I spent a fair bit of my Thanksgiving holiday watching the “Little Drummer Girl” mini-series on BBC/AMC, apparently the second film version of the John LeCarre novel of that name. Whether you’ve seen it or not, I’ve done the hard work in this post of distilling everything about it that you need to know.
On the plus side:
- Yes, the cinematography is as lush and captivating as everyone is saying.
- Yes, Florence Pugh is hot, and does a great job portraying her character, Charlie.
- Yes, Alexander Skarsgard is hot, and does a great job portraying his character, Gadi.
- Yes, they have good chemistry.
- Yes, Michael Shannon is credible as a Mossad agent, or at least as credible as he needs to be to an audience consisting primarily of non-Mossad agents.
- Yes, the series is worth watching, even with all of its flaws and at 6 hours’ showing time, and yes, it whets your appetite for the book (which I haven’t read).
On the minus side:
The plot of the film is confusing enough at times to make you think that the book must surely make more sense than this. To avoid spoilers, I’ll let you make your way through the various plot confusions on your own, and assume that you’re enough of a secret agent to make your way out of them.
The plot of the film also strains credulity enough to make you think that the book must surely be more credible than this. As in:
- Would Mossad really recruit a 22-year-old anti-Zionist English pub actress to function as the central figure in a major counter-terrorist operation?
- Would British intelligence really give Mossad free rein to run its own essentially unsupervised (but heavily subsidized and supported) intelligence/counter-terrorism operation on British soil?
If the answers to both questions are “no,” as I think they are, “Little Drummer Girl” starts to look more like science fiction than political thriller. (Incidentally, the head of British intelligence is somewhat tendentiously played by Charles Dance, depicted here as a stereotypical anti-Semitic twit, a characterization essentially continuous with the Tywin Lannister he plays on “Game of Thrones.”)
And then, like so many films on this subject, “Little Drummer Girl” embodies one of the primordial clichés of Zionist piety: evidently, the emotional heart of the Israel/Palestine dispute is not the conflict itself, but the hand-wringing, tear-jerking angst felt by civilized Israelis for the brutal things they’ve “had to do” to inscrutably uncivilized Palestinians. Ultimately, every decision in “Drummer Girl” involves an anguished inquiry of the form:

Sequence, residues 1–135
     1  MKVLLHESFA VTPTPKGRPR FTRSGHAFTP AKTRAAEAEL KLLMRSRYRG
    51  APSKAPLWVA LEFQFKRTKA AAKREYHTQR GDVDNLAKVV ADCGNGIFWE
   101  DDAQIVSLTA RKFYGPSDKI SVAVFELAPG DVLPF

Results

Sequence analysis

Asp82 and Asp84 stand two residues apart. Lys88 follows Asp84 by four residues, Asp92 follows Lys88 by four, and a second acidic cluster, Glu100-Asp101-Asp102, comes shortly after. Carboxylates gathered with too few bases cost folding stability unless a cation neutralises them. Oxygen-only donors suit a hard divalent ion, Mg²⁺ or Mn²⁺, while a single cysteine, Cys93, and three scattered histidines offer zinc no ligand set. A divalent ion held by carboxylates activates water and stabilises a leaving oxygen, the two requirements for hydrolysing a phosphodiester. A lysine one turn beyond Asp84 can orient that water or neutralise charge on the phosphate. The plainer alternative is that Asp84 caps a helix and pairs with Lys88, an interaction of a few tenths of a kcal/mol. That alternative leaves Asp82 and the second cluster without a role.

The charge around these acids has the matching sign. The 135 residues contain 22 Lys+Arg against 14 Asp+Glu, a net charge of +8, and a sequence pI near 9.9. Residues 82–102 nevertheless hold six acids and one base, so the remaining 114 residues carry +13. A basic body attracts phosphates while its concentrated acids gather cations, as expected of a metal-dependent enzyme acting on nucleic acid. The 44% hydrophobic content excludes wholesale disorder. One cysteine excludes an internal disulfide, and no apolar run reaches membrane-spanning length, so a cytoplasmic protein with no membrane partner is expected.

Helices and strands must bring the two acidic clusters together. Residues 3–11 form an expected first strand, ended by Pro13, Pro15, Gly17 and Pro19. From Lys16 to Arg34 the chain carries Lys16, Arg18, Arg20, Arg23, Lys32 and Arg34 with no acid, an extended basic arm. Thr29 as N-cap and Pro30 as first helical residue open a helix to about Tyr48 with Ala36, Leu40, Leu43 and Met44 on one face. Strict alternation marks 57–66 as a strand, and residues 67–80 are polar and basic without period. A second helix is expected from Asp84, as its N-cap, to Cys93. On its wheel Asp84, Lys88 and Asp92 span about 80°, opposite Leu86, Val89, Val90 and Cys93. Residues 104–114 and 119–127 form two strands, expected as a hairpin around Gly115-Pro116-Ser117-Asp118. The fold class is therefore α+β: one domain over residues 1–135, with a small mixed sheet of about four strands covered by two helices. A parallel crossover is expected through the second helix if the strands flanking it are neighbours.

Should we, forced by necessity, commit some barbarity? Or should we, by appeal to our conscience, refrain?
Naturally, the formula for mulling things over is to jump into bed, have a fumble under the sheets, then jump out, find someone out there with a funny moustache and Arab accent, and blow his fucking head off.
No matter how much sympathy “Little Drummer Girl” tries to conjure up for its Palestinian victims (or how little), the story it tells revolves around the love story of Charlie, the sexy anti-Zionist ingenue, and Gadi, her sexy Israeli handler–the latter an idealistic soldier who does the best he can to reconcile his humanitarian impulses with the ruthless imperatives of his profession, always to the detriment of the former. Though “Al Nakba,” Deir Yasin, and the 1967 occupation lurk vaguely and elusively in the film’s shadows, they play no essential role in the plot—not that the average American viewer would either know or care. (The action of the film takes place in 1979.)
While I think “Little Drummer Girl” is ultimately worth watching, I would, for purposes of balance, suggest watching it in tandem with “Omar,” a 2013 drama on the same topic, but told from a consistently Palestinian point of view. I happened to have watched it in Abu Dis, the West Bank town in which it was shot, with a Palestinian audience (predominantly female) that was invited to discuss it after the viewing.
My Palestinian friends are somewhat divided on the merits of “Omar,” the more cynical and hyper-critical describing it as bullshit that strains credulity, and the more charitable describing it as “a good try.” That said, I’m inclined to think that if you’re going to ingest one kind of bullshit, you may as well ingest a contrasting kind in the hopes that the ingestion of contrasting forms of bullshit leads to insight that can’t be gotten from one. But “bullshit” also strikes me as an overly cynical account of either film. At least I think it does.
The Wikipedia entry for “Little Drummer Girl” describes the ending of the book in this way:
Charlie subsequently has a mental breakdown caused by the strain of her mission and her own internal contradictions.
I don’t blame her. I nearly had one myself after my first trip back from the region—as I think almost anyone would, assuming they went to the right places and saw the right things. The film conveys only the shadows of this, captivated for obvious reasons by the love story at its center rather than the politics at its periphery. The combination of “Little Drummer Girl” and “Omar” does more than either one on its own at highlighting “internal contradictions,” but if you really want to experience a dialectical meltdown, nothing beats being there. I long for the film that conveys the experience of being there, but until then, I’m content to watch Pugh, Skarsgaard, Shannon & Co. go at it, whether under the covers, or over the top. It’s all in good fun, which I guess is more than can be said of the conflict itself.